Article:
Forty two percent total active CA students today are women. The president of Institute of Chartered Accountants of India (ICAI), Mr Debashish Mitra, shares that 28 percent women comprise the total membership of ICAI. Women are proving their worth in diverse fields and Chartered Accountancy (CA) is no different.
The last five years have seen the growth of women as CA’s at a constant pace. “The number was 64,685 women CAs in 2017, followed by 70,047 in 2018; 73,807 in 2019; 81,564 in 2020 and 88,983 in 2021,” declared Mitra.
In the foundation/CPT courses at ICAI, the recent admission data shows that the number of women taking up CA courses is 54,416. It makes up a whopping 36.54 percent of all students.
Another staggering data points out that 70 female aspirants have topped CA exams across various levels. 7 women have topped the Common Proficiency Test, 8 women have topped the foundation courses, 2 women have topped the PCC course, 24 women have topped the intermediate level and 28 women have topped the finals which is quite impressive.
The former president of ICAI, Mr Ved Jain states that “Post liberalisation of the Indian economy, the field of CA opened up to better job opportunities for everyone. A conducive environment within offices started attracting girls to the field. At that time, the two issues facing girls entering a professional field were cost of education and late marriage; the field of CA answered both.”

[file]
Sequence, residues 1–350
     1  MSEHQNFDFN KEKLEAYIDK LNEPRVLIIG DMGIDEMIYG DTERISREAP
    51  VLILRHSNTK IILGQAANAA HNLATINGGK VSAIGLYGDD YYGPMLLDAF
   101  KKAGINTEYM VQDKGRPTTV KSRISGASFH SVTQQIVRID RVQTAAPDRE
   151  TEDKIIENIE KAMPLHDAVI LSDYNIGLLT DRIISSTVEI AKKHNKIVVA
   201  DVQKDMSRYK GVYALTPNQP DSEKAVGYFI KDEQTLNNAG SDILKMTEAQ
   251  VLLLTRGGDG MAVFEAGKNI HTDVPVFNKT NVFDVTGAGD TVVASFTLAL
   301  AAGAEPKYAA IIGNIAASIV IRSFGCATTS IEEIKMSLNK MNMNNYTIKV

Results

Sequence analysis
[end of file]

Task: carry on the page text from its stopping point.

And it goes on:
The president of ICAI, Mr Amarjit Chopra between 2010-2011 is of the opinion and states that “Compared to professional fields like medicine and engineering, the cost of CA education is miniscule, as students basically need to self-study. As for parents being worried about their girl’s marriage, few female CAs choose to marry within the fraternity. Also, taking a gap due to getting married or starting a family does not mean the end of a woman’s professional journey. CA is extremely open to professionals joining back as long as they keep themselves updated with the field.”
The sobriety of women and their dedication to work make them the more preferred gender within any CA organisation says Chopra.
With more women entering the field of CA, the advantages of hiring women have also been weighed in by the offices. “Male candidates may have taken up the profession due to the societal pressure of providing for the family but with no interest in it. However, girls had to struggle to achieve the status of being a CA, thus they proved to be great employees,” says Jain.
Sending girls away for assignments is the only roadblock in the industry according to Chopra, however, the central council member of ICAI, Priti Paras Savla contradicts this opinion. She says “My company has a ratio of 60:40 in favour of women professionals. In case of assignments requiring travel, girl candidates are willing to travel, which underlines the changing mindset.
Photo Credit: The Hindu Business Line